Running applications on a different architecture than the one they were built for is a common occurrence, not least with Apple’s architectural migration every decade or so. It is also commonly used with, for example, ARM, OpenRISC, and RISC-V systems to run applications that are only available for x86 or x86_64. Although QEMU and kin are often used here, they are very resource intensive, which is where an option like Box86 and its 64-bit sibling Box64 are attractive options. Unlike QEMU, both offer dynamic recompilation and redirection of dynamic library calls to native libraries, including those for SDL and OpenGL.
Both are available on GitHub under an MIT license, with Box64 probably the most interesting these days as apps and games have moved into a 64-bit only world. The only hard requirement that Box64 has for a host system is that it be little-endian, which is a fairly easy requirement to meet. The most recent release was on March 10, with Box86 0.3 and Box64 0.2.2. Essentially a translation layer, it doesn’t offer full compatibility with every program out there, but it’s already good enough to run Steam, GoG, and Epic Game Store clients and install and run Windows games using Wine for x86 .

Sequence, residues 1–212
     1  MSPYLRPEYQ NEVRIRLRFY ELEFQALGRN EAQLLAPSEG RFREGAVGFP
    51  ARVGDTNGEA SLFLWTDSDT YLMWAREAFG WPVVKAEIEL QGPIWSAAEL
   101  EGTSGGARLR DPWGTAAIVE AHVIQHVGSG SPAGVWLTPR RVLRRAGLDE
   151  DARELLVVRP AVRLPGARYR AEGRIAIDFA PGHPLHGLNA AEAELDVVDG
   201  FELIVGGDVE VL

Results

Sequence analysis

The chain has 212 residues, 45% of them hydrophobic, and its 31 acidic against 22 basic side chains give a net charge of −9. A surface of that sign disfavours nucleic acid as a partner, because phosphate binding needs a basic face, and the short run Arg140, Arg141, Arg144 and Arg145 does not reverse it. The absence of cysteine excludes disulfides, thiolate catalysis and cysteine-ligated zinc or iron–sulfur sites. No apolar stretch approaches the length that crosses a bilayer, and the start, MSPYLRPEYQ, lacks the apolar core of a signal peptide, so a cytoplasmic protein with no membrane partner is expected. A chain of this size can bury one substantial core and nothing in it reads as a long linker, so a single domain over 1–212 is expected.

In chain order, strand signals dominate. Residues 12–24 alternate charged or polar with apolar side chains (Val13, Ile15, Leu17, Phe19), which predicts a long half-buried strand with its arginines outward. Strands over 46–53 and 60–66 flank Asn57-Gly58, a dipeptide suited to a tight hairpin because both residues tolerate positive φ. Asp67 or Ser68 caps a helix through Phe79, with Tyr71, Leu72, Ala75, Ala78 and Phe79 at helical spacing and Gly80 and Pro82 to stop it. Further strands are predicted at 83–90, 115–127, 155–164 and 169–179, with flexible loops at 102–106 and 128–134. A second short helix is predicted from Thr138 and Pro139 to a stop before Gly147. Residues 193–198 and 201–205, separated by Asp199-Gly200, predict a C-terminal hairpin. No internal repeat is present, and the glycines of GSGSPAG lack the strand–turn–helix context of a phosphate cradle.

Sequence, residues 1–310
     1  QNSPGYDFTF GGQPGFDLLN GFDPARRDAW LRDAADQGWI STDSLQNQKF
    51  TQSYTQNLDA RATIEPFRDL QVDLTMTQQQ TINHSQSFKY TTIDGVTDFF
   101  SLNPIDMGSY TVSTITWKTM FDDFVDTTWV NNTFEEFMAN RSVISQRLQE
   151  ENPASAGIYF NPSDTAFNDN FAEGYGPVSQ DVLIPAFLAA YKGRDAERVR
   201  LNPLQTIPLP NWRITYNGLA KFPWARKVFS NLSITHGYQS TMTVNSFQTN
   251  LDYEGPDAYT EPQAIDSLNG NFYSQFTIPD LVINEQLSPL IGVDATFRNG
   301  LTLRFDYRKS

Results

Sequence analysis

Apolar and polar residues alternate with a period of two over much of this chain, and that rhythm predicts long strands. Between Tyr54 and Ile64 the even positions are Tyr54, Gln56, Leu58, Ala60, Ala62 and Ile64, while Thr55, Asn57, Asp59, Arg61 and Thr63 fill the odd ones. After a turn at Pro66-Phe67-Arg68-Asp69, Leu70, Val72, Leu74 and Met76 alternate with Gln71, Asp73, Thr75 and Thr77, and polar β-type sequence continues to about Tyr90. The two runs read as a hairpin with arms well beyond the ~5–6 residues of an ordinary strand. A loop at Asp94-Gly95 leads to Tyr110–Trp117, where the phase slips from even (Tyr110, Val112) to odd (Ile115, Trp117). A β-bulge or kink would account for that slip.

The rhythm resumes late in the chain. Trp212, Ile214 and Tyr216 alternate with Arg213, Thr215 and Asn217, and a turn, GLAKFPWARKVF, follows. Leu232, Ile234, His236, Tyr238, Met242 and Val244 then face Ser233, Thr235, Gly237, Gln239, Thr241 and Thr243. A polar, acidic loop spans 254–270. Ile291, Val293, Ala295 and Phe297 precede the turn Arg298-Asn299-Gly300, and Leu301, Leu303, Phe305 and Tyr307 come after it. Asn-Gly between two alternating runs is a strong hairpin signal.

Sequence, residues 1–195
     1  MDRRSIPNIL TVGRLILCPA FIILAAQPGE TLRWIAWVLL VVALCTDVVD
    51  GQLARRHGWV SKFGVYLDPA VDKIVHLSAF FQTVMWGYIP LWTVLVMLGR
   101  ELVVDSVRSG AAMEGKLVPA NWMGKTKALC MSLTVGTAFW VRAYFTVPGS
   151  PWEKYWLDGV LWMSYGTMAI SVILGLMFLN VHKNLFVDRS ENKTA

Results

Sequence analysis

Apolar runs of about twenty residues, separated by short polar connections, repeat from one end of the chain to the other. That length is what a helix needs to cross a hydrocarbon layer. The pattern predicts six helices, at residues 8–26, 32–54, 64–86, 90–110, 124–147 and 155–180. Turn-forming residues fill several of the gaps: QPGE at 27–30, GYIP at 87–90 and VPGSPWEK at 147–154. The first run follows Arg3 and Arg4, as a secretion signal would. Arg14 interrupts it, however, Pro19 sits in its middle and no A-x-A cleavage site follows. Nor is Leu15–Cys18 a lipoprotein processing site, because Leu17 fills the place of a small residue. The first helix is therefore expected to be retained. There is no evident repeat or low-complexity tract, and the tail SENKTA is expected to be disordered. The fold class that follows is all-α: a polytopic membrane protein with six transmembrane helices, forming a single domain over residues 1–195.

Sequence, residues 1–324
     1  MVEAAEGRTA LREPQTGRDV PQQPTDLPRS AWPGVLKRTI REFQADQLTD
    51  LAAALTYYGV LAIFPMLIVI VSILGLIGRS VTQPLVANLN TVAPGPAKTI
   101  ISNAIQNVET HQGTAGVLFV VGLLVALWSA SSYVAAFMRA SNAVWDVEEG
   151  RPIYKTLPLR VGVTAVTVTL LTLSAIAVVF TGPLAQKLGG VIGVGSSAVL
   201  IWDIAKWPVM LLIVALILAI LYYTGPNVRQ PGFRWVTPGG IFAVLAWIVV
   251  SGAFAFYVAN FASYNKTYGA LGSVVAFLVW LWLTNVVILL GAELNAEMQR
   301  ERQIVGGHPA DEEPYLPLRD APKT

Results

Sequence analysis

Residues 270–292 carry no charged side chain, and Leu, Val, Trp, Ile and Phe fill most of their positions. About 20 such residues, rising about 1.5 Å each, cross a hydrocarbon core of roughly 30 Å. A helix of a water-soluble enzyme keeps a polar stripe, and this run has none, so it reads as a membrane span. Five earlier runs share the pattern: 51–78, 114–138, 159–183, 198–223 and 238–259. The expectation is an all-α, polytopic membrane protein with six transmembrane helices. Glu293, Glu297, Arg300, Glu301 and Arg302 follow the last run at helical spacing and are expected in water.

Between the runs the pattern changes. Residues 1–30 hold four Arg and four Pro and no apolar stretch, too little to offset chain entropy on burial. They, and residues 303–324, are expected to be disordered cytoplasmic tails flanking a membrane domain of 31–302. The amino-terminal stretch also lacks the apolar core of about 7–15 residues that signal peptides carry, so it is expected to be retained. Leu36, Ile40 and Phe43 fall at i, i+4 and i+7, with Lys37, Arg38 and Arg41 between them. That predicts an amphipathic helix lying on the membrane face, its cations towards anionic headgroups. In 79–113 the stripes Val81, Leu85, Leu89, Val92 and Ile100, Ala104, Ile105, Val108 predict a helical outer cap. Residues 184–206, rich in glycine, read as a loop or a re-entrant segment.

A simple set of benchmarks comparing it to QEMU and FEX (another emulator) shows that it runs more applications and with significantly better performance.